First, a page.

Archive for February, 2007|Monthly archive page

Do I luv graph paper that much?

Can I say that IFMapper knows how to zoom in? Brill.

I luv graph paper

In the process of building for Karinth I am remembering two things:

1. I love graph paper
2. There’s got to be a program that can do this.

Seriously, I love graph paper, and it’s an excellent break from sitting at the keyboard to go sit in my rocking chair (yes, I am 80 years old) with my folder and write (in pencil) in my area map pages.

However to give you an idea of why I wonder about (2) above let me tell you about how I go about building the area. First of course I think of about ten ideas and run it by the imps on the mud. We choose one and I send them a short proposal on that. When I get the go ahead I draw a rough (non-graphy) map and get an idea of exactly how many rooms. Then I ask for enough vnums (number of vnums = number of possible rooms) plus a little wiggle room.

Now I draw the map precisely on graph paper, usually drawing each room 2×2 on 4 sqs/inch (4 sqs/2.5cm) with connecting exits. I map the area on the mud and write in the vnums of each room on my graph.

But the mapping isn’t done yet. On any size area this 2×2/room map is fairly small. So I divide the map into reasonable sections and re-map at a larger scale (or smaller scale to be precise). For example, on my current area I have six pages of graph maps, including the overall 2x2sq/room map. On the section maps I add room names, special notes, mob repops, anything I would want to remember, or any idea that strikes me that I want to write down immediately.

As you can imagine this method, despite being fun for getting down into the physical artifacts of pencil and paper, has serious drawbacks and wastes some time over using a program that could zoom in, hold notes in a transferable form, etcetera. So I ask myself, where is this program?

It must be out there, if not as a mudding or RPG tool then as a general graphing or organizational application. I should take another look at the ascii map programs for muds, but I don’t remember them having the ability to zoom in a map to see all the fine detail at once — that’s what I really like about the method I use.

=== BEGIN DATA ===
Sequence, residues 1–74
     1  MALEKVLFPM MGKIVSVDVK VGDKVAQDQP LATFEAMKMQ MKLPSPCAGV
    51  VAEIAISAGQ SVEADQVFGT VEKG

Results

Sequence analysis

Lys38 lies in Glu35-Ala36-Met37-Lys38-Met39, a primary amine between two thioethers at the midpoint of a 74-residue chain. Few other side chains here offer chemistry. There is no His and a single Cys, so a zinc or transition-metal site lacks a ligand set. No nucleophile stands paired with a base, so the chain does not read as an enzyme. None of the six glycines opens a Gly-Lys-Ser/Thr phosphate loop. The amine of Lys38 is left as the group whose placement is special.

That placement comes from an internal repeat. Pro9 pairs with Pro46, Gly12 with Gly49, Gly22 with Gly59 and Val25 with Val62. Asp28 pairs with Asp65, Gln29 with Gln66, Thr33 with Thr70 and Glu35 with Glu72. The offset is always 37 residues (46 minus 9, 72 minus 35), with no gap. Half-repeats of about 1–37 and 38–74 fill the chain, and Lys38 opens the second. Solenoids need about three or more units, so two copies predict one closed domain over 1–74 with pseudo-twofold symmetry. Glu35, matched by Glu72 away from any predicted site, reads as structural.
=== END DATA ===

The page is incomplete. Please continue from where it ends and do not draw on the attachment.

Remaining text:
exit IF, enter MUD

Sometimes muds and IF advance like phases of different moons, at one point I’m ruled by one or the other. After playing Karinth for a while (why don’t I check — 75 hours, to be precise), I applied for a builder bit and so right now I’m deep into area design.

This means my IF game is on the back burner for the moment. If everything goes as planned I should be back on it next month. It does mean I’ll miss Spring Thing though — such is life — but Greg Boettcher did just announce that the deadline for Spring Thing has been extended, so why not give it a go if you can?

But I’m really getting into the area I’m building for Karinth. I have a few ideas about level flow and layout I want to try, see what happens. Also it’s always fun to push mob progs as far as they’ll go. It’s times like these I wish there was a fun ROM-like mud coupled with a full on IF language like TADS 3. Or why not I7? That would be a trick.

The Case of Hypertext

Grand Text Auto turned me on to a new hypertext, The Case of Randolph Carter, here, in Dead IF Lies Dreaming.

I don’t read a lot of hypertext but when I do it’s not very interesting, mostly because I don’t like looking at all the underlined links and each link usually takes you to a new page. I suppose you could get around the former, maybe, by defining your own style for the web page, but the latter problem is more intractable. I don’t know, maybe I’m just ignorant and these days hypertext interfaces are nothing like this. Perhaps someone could show me the light.

Gimcrack’d offers a way around the latter problem by using TiddlyWiki, but doesn’t solve the first problem, and I don’t like how the script rearranges and inserts text in the middle of the original running text.

This new hypertext by Josh Birk is kind of cool in how it goes about the interface. The script appends new text to the running text or inserts it before the last chunk; it seems to be instantiating a previously written transcript. You can click on any word in the text and that brings up a menu of choices; of course most words only present the options to ‘wait’ and ‘cancel’, but some words offer further options. The new text is set in a slightly larger size compared to the running text. When you finish a page, you page ahead with a ‘next page’ button outside the running text. If you want to look at a previous page (‘rewind’) you have to repeat your steps to move forward again.

I can see someone modifying the interace; maybe moving the menu to a sidebar that refreshes on a mouse click, adding an atmospheric image sidebar on the opposite side, and including the facility to move between pages at will; maybe presenting the running text in facing pages. Anyway, check it out:

The Case of Randolph Carter

New Workbench!

I just read on the TADS 3 list archive that Mike Roberts has released an alpha version of the new Workbench with an integrated editor.

Plus he’s using Scintilla/SciTE. This looks very promising. Go Mike!